Fresh frozen plasma, platelets, cryoprecipitate and pump blood were transfused. Further analgesia was with bolus morphine. The patient was then transferred sedated and ventilated to the cardiothoracic intensive care unit.
The patient was initially extubated on the first postoperative day. However, he developed respiratory failure from fluid overload secondary to acute kidney injury and required reintubation the next day. He was subsequently commenced on continuous renal replacement therapy, and successfully extubated on postoperative day 6. Recovery was otherwise uneventful and he was discharged home on postoperative day 20.
Discussion and Conclusion
The pathophysiology of the Gerbode defect is such that shunting occurs from the LV to the RA due to the large pressure gradient that exists between these cardiac chambers . Shunting of blood into the RA leads to subsequent increased flow into the RV, leading to enlargement of the right heart chambers, pulmonary hypertension and eventually right heart failure. In a large shunt, the high pulmonary blood flow can also lead to volume overload of the left heart, resulting in dilatation, arrhythmias and impairment of function .
Yuan and colleagues performed a systematic review of 237 acquired LV to RA shunts in 234 patients and reported the underlying etiologies as iatrogenic in 51.1%, infective in 36.7%, traumatic in 9.3% and ischemic in 3% of patients . The iatrogenic shunts were most commonly caused by valvular operations (56.6%) with sole mitral and aortic valve surgeries responsible for the majority of these shunts . Of particular importance, however, as described below in our case report, is combined tricuspid annuloplasty ring insertion and mitral valve replacement as this may lead to damage to the membranous septum caused by excessive debridement of annular calcium . Rarely, this complication can occur in a tricuspid annuloplasty in the absence of a left sided valve operation .
A definite diagnosis of acquired Gerbode defect prior to death or operation was obtained in 70% of patients by transesophageal, transthoracic echocardiography or cardiac catheterization . Differential diagnoses include ruptured sinus of Valsalva aneurysm into the right atrium, paravalvular leak, aorta to right atrium shunt, tricuspid insufficiency or tricuspid insufficiency with pulmonary hypertension . Dzwonczyk and colleagues suggest that color flow imaging in the parasternal short-axis, apical short-axis and subcostal projections are useful in eliminating the other possibilities and in confirming the diagnosis . In addition, a disturbed color signal in the RA not originating from the tricuspid valve and with a velocity of 4.0 m/s or more should suggest a LV-RA communication .
Of the patients with an iatrogenic shunt, the majority experience symptoms such as dyspnea, or have a murmur . These murmurs are typically pansystolic, are loud and harsh, and may be associated with a thrill along the left sternal border . Percutaneous closure has been described with iatrogenic shunts, however, surgery is still the mainstay of treatment in 52% of patients with a minority of patients with small shunts treated conservatively .
As operative techniques evolve and survival after cardiac operations improves, the number of patients who have repeat sternotomy inevitably continues to increase . Intraoperative adverse events (injury to bypass grafts, heart chambers, great vessels, life threatening arrhythmias and severe lung injury) occur in 7% of cardiac re-operations . Kamdar and colleagues recommend that patients for cardiac re-operations should be assessed preoperatively using computed tomography (CT) with volume rendered and multiplanar reconstruction 3-dimensional techniques . Planned alternative routes of mechanical circulatory support, standardized opening and dissection techniques together with a pre-induction operative team 'huddle' optimizes the efficiency of the team in event of an intraoperative adverse occurrence . In our patient, close communication between the surgeons and anesthetists and prompt action at the time of right atrial injury minimized an adverse outcome.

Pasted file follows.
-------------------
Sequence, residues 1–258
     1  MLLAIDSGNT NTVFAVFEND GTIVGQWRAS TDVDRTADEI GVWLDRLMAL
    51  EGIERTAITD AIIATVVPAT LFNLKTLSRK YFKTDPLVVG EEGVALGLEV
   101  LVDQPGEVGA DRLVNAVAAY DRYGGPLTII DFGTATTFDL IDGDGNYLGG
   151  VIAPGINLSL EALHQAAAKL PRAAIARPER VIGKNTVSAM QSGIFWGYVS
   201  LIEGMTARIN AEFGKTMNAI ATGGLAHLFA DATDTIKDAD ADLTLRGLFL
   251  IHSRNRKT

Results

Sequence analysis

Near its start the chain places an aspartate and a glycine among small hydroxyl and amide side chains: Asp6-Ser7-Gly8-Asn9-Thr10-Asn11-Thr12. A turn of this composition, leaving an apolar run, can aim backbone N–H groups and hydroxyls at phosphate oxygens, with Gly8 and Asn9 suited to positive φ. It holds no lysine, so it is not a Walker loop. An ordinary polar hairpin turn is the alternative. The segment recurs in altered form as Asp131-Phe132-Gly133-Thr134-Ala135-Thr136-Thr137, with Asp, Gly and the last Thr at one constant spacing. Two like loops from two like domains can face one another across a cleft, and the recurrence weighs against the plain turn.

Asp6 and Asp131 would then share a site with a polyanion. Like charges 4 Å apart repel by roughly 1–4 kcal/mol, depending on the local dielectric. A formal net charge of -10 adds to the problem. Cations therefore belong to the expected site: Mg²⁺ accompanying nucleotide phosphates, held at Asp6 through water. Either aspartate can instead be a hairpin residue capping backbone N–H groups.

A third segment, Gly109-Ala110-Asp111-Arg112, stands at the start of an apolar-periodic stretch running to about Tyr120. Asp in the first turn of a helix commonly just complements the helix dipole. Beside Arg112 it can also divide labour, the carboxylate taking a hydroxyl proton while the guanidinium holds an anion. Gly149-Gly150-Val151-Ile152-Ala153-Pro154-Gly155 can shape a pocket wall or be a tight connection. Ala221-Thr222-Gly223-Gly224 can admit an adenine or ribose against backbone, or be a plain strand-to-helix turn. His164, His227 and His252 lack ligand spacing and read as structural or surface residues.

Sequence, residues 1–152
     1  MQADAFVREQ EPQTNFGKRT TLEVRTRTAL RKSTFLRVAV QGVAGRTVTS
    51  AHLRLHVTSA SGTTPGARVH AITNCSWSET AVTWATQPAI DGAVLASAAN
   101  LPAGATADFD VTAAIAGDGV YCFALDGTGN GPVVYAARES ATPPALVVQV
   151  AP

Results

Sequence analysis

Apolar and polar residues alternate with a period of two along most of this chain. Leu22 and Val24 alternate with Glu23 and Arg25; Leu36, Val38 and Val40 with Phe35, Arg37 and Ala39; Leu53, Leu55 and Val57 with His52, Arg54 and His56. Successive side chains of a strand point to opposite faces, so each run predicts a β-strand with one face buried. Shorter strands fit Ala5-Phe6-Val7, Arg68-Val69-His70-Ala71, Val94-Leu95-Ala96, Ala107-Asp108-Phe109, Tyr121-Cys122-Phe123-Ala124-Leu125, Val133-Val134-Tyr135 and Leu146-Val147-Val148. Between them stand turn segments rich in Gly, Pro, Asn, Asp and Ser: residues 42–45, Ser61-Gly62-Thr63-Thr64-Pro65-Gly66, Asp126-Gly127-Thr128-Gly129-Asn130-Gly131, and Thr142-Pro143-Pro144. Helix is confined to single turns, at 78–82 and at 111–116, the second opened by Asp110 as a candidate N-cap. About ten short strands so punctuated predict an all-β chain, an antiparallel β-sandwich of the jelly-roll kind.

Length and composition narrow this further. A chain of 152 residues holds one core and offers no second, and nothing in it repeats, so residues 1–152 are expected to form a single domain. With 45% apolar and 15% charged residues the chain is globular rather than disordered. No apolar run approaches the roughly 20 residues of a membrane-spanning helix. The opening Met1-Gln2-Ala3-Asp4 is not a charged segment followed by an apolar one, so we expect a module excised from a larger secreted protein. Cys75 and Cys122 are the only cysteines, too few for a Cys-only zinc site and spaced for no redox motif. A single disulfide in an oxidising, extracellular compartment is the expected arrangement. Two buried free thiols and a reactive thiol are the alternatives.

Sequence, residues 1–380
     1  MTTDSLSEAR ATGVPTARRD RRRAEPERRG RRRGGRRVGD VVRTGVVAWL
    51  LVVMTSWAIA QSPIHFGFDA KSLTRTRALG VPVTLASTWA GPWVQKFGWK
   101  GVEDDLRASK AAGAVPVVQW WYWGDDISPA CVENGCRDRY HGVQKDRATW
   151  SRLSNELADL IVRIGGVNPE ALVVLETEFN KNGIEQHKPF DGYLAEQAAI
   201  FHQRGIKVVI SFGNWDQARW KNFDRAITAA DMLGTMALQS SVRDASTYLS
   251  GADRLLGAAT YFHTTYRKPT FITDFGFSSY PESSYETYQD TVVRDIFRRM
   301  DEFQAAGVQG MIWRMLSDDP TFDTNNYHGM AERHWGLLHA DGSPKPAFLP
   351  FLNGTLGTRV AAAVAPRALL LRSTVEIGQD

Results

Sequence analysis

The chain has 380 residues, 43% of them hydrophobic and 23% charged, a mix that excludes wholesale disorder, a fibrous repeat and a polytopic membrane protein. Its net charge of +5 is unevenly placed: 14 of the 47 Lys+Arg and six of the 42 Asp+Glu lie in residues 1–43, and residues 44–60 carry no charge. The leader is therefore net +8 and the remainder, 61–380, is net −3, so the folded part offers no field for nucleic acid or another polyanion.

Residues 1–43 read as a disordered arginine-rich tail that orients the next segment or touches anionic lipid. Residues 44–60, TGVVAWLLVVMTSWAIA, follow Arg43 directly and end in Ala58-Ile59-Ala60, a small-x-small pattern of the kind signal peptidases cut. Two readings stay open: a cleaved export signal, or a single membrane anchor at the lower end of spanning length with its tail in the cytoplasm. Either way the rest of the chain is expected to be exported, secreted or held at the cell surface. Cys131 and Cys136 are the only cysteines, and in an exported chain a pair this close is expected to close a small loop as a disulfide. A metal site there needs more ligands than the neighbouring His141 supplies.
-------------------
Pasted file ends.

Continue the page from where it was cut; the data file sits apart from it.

Goals of anesthesia for a patient with Gerbode defect involve preventing a change in the shunt flow and maintaining cardiovascular and respiratory stability for adequate tissue perfusion and oxygenation. Increases in pulmonary vascular resistance should be prevented with close attention to avoiding airway obstruction, hypoxia, hypoventilation, acidosis and hypothermia. On the other hand, significant decreases in pulmonary vascular resistance will increase shunt flow and should be avoided as well. Inotropes such as milrinone and inhaled nitric oxide upon weaning from bypass may be considered in those with significant pulmonary hypertension, in conjunction with a carefully balanced anesthetic technique to maintain Qp:Qs ratio. In patients with complications such as pneumonia from prolonged hospitalization as a result of congestive cardiac failure from the defect, treatment and optimization should be commenced before elective surgical repair.
The acquired Gerbode defect is a rare and complex defect which may present as a diagnostic challenge in a patient presenting with progressive dyspnea after surgery, trauma or infective endocarditis. In patients with this defect post cardiac surgery, dense adhesions from a previous sternotomy pose an additional challenge for the surgical and anesthetic teams. These patients should preferably be managed in experienced centers with the expertise and capability in dealing with the potential diagnostic challenges and complications.
In conclusion, our case reports successful anesthetic management of surgical repair for an iatrogenic Gerbode defect. Prudence during the perioperative period and intraoperative assessment and confirmation of successful repair by TEE is necessary.
No external funding and no competing interests declared by the authors.